Can you call a movie “Despicable Me 2” when the “me” isn’t a bit despicable? Deft, daft inventor Gru (voiced by Steve Carell) may have been naughty in the 2010 original, when he stole and shrank the moon – before restoring it, of course – but his adoption of three smart little girls in that story began his conversion to good-guy status.
When we see him in this sequel, he’s concocting a line of jams and jellies in his basement. Soon, agent Lucy (Kristen Wiig) of the Anti-Villain League recruits him to battle an unidentified threat who has taken up residence in a local mall. Gru soon identifies the evildoer as El Macho (Benjamin Bratt), owner of a Mexican restaurant and once the craziest malefactor of all.
Many animated films function on a metaphoric level as well as a literal one. Most of them have a gentle moral about kindness, tolerance or personal growth.
Not “Despicable 2.” Gru starts and ends as an attentive dad. El Macho’s not conflicted, just crazy: He wants to kidnap Gru’s yellow minions and turn them into purple creatures that gobble metal and can’t be stopped. The girls need a mom, and the fast-talking but friendly Lucy makes the obvious candidate.
Directors Pierre Coffin and Chris Renaud and writers Ken Daurio and Cinco Paul, all of whom worked on the first film, have nothing on their minds but diversion. They accomplish this with broad character strokes, a crackling pace, sparkling colors and 3-D technology that rivals the best I know. (Wait through the credits, and watch kids in the audience reach without thinking for the bubbles that float “off” the screen and “over” the audience.)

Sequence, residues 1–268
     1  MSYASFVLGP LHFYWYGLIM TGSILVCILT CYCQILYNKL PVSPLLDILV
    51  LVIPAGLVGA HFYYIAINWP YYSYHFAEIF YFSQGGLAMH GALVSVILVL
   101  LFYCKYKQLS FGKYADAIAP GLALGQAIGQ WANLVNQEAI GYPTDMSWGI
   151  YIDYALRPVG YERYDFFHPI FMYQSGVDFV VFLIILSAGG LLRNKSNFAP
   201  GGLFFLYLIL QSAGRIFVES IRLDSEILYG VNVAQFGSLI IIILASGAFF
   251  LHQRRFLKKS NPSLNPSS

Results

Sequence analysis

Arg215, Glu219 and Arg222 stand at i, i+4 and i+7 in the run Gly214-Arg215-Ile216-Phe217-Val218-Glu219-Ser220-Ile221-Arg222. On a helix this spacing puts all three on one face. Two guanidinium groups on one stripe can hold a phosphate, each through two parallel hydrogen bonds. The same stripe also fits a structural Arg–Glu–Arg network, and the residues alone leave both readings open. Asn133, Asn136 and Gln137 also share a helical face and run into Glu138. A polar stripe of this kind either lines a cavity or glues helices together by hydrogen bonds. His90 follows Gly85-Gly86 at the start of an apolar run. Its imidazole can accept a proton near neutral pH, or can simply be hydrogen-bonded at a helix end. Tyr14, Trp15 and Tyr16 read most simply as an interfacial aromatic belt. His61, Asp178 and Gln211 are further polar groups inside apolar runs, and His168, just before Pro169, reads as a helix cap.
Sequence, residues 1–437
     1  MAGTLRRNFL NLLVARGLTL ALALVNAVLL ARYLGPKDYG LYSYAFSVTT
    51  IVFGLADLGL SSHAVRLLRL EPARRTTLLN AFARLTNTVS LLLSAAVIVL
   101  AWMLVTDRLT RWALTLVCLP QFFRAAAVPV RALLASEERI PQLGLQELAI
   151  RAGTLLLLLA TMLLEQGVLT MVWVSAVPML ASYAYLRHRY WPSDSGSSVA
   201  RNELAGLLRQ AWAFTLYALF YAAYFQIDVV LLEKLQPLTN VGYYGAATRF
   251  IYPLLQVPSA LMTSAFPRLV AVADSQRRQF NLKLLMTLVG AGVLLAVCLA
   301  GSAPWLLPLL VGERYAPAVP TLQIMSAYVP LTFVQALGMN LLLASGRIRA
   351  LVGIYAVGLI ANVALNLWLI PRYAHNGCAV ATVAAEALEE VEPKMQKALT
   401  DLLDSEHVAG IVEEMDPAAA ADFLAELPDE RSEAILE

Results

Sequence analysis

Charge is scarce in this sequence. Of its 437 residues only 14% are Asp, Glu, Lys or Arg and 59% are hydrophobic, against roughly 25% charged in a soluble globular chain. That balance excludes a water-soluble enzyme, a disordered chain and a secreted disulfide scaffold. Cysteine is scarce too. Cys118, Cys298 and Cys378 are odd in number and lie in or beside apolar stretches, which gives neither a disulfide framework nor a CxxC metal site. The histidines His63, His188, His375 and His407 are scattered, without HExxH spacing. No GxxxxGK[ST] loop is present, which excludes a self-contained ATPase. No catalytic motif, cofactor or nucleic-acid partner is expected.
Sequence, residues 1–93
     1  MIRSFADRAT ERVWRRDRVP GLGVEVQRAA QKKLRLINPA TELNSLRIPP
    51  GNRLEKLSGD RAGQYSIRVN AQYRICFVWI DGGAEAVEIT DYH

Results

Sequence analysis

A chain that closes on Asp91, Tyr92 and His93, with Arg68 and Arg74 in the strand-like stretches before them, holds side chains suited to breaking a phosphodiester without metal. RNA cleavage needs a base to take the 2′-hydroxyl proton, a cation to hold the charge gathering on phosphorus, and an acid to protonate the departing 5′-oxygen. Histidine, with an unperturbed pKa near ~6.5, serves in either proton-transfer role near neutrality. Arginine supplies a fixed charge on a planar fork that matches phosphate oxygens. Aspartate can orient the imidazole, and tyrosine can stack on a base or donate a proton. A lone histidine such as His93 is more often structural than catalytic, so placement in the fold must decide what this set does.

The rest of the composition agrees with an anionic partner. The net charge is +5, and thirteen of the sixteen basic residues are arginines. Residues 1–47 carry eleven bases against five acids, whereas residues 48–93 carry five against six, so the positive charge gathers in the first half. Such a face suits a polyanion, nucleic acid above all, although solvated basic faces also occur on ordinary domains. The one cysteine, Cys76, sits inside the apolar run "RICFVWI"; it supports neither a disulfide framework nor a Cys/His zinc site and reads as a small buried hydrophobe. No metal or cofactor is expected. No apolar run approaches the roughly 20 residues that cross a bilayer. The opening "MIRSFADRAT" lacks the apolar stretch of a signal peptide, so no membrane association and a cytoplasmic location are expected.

You may miss Gru’s mom, who has been dropped from the narrative, and myopic Dr. Nefario (Russell Brand), who has been reduced to a crucial cameo.
You may wonder what’s up with El Macho, who’s a generic version of a would-be world-dominator. (His guard chicken, Pollito, has as much personality as he does.) Yet this isn’t the kind of film where you can reasonably look for motivation or be put off by lack of it.
Carell delivers his whole performance in cuddly mode, even when exasperated. Wiig, who appeared in the first one as the domineering head of Miss Hattie’s Home for Girls, now plays a scatter-brained sweetie. The girls (led by Miranda Cosgrove as Margo) remain endearing. Even Bratt’s zesty El Macho barks threats with no real nastiness in his voice. (Al Pacino quit this role months into the process because of “creative differences.” I wonder what movie he thought he was making.)
The presence of two minions and the absence of Gru on the “DM2” poster imply this franchise will keep getting simpler. The little yellow guys will star in the next outing, the 2014 “Minions,” which seems to be another stop-the-supervillain-from-ruling-the-world piece. But for now, the franchise has enough zip and humor to be worthwhile.